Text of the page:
Satellites draw crowd to USU

By Ann Herron
The Herald Journal
August 14, 2001

Small satellites are bringing big money to Cache Valley.

More than 450 scientists, students and industry leaders are attending the 15th annual Small Satellite conference at Utah State University this week. And valley leaders are glad to see them come.

"I know this conference fills rooms from here to Ogden," said Cache Chamber of Commerce tourist director Maridene Hancock. "We love these conference guests. They are high-quality visitors that are good for our community."

The money generated from the conference flows all over the valley, according to organizers.

Exhibitors say they do more business at this conference than at any other one they attend. Students at the conference compete for more than $18,000 in scholarship money.

"We could have had more people here this year, but there just wasn't enough space. We couldn't fit them in here," said conference chairman Frank Redd.

Hosted by USU's Space Dynamics Lab, this conference is the only one focusing on small satellites in the world - another reason why representatives of more than a dozen countries come.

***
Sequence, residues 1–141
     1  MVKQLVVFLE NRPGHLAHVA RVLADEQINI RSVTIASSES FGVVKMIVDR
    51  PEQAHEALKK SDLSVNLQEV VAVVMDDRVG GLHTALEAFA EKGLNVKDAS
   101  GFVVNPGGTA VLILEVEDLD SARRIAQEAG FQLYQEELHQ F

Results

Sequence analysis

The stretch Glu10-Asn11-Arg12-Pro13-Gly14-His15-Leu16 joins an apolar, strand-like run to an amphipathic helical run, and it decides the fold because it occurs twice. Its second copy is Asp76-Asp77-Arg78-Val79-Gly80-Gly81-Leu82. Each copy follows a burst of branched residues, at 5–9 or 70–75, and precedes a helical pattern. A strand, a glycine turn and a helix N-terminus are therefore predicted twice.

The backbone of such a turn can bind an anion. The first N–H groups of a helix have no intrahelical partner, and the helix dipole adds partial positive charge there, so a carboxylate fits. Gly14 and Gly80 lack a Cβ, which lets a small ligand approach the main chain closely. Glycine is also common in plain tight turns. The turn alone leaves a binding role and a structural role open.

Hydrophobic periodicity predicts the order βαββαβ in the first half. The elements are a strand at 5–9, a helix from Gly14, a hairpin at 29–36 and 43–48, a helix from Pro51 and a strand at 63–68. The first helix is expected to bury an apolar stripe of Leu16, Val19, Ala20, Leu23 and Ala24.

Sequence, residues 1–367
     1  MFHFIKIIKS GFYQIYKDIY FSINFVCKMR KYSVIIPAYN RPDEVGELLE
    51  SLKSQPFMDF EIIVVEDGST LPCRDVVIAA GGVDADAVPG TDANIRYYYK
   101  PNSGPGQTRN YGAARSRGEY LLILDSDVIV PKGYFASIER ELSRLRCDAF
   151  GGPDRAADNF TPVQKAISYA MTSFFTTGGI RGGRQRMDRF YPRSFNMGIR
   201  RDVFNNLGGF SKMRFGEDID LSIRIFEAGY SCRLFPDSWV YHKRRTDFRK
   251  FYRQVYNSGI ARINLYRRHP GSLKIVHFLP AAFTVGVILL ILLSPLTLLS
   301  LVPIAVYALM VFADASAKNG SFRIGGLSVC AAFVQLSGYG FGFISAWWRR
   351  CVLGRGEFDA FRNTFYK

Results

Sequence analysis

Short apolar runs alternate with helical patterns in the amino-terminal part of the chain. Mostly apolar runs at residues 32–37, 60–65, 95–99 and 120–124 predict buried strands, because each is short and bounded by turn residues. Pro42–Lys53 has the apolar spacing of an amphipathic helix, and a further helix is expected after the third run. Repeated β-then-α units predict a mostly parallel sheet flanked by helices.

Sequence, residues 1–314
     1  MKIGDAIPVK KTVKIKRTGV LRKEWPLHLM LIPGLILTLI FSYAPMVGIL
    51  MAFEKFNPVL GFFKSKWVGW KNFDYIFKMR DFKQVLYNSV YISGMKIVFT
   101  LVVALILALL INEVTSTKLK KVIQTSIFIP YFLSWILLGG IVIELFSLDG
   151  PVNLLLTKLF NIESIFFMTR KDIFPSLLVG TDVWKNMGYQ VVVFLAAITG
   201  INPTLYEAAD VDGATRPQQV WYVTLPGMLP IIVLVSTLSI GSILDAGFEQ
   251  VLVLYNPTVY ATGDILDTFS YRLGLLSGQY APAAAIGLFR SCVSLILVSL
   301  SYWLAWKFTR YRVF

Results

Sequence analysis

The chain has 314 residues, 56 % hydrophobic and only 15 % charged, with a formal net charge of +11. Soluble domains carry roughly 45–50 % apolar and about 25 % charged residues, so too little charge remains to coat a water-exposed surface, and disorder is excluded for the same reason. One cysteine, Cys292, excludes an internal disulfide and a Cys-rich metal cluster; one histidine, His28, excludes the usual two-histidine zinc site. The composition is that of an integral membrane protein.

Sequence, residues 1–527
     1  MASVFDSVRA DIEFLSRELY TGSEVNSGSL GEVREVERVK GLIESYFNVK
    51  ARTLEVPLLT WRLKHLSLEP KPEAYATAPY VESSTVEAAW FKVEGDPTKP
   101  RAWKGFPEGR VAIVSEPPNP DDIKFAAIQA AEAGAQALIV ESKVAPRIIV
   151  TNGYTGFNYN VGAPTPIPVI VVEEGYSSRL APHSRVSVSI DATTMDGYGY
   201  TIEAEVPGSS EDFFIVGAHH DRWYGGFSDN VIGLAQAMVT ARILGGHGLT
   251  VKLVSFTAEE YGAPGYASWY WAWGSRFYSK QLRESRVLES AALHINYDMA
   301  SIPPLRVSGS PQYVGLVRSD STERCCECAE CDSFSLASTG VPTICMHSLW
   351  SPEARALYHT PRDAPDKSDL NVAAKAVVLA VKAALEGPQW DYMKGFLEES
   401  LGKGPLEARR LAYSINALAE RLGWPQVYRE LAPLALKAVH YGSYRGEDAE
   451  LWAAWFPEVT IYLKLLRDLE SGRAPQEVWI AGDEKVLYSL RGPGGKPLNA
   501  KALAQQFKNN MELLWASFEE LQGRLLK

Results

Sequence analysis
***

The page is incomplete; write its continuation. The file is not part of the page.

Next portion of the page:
"A few years back we suggested that we rotate holding the meeting different places," said Redd. "But attendees voted overwhelmingly to return to Logan. They just love it here, the get-away atmosphere, the beauty of the valley."

Small satellites are a growing field, said keynote speaker Lon Rains, editor of Space News.

"Space is the battlefield of the future. The military is thinking about it (small satellites) now," he said. "Ten years ago, small satellite people were the backwater of the science world. Now they are right in the thick of things."

The theory is to build satellites, "better, faster, cheaper," Rains said. Cell phones and wireless computers can be run using small satellites. The satellites can also be used to collect a wide variety of scientific information about space. Since they are small, these satellites can be build and launched for a lower cost, Rains said.

Small satellites are not reusable.

However, Utah is in the running for a chance to built a vertical launch site and a 3.5 mile landing strip for reusable space planes. The proposed site for Utah's spaceport is near Beaver, Utah in the Wah Wah Valley.